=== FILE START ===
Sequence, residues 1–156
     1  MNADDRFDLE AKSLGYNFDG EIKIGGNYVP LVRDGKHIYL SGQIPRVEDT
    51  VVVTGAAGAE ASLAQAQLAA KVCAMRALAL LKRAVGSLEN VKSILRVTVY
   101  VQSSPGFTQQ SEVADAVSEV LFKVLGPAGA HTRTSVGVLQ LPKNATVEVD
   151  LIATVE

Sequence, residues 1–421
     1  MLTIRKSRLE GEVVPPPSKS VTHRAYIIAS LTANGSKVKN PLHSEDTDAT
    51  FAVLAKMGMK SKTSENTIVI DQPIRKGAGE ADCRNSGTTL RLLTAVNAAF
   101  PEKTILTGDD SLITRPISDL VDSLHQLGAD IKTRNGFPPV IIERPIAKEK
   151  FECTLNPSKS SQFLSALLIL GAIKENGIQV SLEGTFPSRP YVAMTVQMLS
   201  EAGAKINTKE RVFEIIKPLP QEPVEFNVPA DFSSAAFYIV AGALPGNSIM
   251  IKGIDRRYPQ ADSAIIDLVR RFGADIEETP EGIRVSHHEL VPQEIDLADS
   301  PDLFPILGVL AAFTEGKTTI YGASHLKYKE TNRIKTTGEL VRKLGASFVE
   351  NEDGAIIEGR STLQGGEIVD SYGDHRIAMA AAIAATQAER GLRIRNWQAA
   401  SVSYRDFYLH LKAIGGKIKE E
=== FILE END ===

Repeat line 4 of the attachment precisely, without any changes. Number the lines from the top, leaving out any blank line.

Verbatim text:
   101  VQSSPGFTQQ SEVADAVSEV LFKVLGPAGA HTRTSVGVLQ LPKNATVEVD